As you can imagine, my tiny self was distraught. The story seemed so epic! So incredible! I needed to know the rest, but with only the beginning of the game to experience, I had to settle for reliving the demo over and over again. And by golly I did. I practiced all the wicked flips and spiral kicks, I learned the magic of the Seru, and I saved Rim Elm’s Genesis Tree so many times that finally the old demo disk stopped working entirely. It was then that my parents knew they needed to get me the full version of Legend of Legaia, and our relationship began.
Turns out that as a kid, I wasn’t particularly well equipped to journey through the world of Legaia. The game was somewhat text heavy, relied a lot on talking to NPCs for guidance, and could be difficult if you didn’t have a good understanding of how the combat mechanisms worked outside of just punching stuff. These aren’t reasons why the game was bad – they’re reasons why I couldn’t beat it when I was eight years old. I made some progress, took out some bosses, but ultimately I didn’t get all the way through the game.
Fast forward to my young adulthood. I picked up Legend of Legaia again after many years of distance from the game, determined this time to finish it in its entirety. After many years of growing and gaming I had a much better grasp of Legend of Legaia. I understood how to use spirit effectively in battle, I grasped why it might be better to have certain spells on specific characters, and I knew that the only way to learn where to go without resorting to a guide on the internet was to talk to the game’s NPCs. With my new skills, beating the game seemed like it would be simple. But soon, tragedy struck.
I think I managed to get a tiny bit further than I had in my original playthrough of the game as a kid. I hadn’t experienced much new content at all. One day I went to crack open the CD case, only to discover that the case was already cracked. Horrified, I opened the box to discover what I already feared – the disc, too, had been damaged by whatever fickle force of nature decided to shatter the case containing it. Whether it was the stray foot of a walking human or the wicked Seru reaching out to stop me from saving the world, I’ll never know. But the game disc was snapped in half and there was no fixing that. I’d have to get a new copy.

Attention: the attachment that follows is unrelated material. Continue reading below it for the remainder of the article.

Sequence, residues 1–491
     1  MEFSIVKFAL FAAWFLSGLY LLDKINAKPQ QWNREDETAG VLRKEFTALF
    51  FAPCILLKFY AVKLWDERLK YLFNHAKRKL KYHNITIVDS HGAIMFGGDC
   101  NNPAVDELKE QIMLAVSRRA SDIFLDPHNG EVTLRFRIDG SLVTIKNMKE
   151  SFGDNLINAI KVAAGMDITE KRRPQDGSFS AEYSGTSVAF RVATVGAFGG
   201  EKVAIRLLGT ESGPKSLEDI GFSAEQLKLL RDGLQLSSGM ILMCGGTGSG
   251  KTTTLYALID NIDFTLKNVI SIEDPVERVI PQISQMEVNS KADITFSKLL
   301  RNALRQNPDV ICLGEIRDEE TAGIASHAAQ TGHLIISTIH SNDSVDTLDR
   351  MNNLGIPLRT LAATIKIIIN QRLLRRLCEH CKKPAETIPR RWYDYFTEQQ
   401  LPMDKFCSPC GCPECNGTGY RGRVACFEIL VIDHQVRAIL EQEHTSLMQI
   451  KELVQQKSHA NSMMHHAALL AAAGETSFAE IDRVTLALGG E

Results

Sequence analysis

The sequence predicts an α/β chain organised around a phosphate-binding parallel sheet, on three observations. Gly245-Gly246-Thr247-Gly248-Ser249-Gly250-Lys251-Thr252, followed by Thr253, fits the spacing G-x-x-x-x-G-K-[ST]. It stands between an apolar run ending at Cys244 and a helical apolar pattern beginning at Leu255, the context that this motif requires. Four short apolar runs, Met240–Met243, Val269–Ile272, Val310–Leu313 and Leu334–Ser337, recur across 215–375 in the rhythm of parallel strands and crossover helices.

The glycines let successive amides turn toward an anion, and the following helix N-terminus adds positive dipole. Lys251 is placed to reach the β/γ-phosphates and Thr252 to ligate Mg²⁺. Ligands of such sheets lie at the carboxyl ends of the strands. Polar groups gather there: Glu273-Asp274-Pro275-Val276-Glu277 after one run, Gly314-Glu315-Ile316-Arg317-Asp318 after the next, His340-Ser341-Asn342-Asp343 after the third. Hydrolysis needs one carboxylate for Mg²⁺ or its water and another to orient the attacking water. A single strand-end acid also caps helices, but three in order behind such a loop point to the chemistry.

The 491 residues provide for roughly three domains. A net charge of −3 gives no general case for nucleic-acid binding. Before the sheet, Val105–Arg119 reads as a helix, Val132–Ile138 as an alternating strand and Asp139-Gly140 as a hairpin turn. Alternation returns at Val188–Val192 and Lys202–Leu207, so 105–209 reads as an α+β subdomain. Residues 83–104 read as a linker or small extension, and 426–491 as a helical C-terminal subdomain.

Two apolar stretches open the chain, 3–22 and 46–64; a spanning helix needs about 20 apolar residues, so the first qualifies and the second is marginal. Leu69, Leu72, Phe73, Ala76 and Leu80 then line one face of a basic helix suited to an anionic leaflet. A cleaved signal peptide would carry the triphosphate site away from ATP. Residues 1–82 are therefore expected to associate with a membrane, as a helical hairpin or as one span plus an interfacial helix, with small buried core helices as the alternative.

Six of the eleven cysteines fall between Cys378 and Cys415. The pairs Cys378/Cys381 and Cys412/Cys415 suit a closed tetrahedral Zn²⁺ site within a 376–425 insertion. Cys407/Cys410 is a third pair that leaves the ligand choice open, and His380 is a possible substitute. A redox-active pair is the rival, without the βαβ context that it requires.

It was a long time before I purchased a fresh copy of the game. Breakups are hard. And when the time finally came that I decided to order the game again, it had been so long that I needed to start over. Still, I loved Legend of Legaia and it didn’t bother me in the least to play through those early stages again. It helped me to find my groove and rediscover all the things I loved about it. This time, I made it much farther than I had ever made it in the game before. I was beginning to learn that there were dark and terrible secrets behind the Mist, and the Ra-Seru were even more mysterious than I ever suspected. Many forces worked against me beside the evil sorcerer and the monster at his beck and call. And the time came when I finally met my match.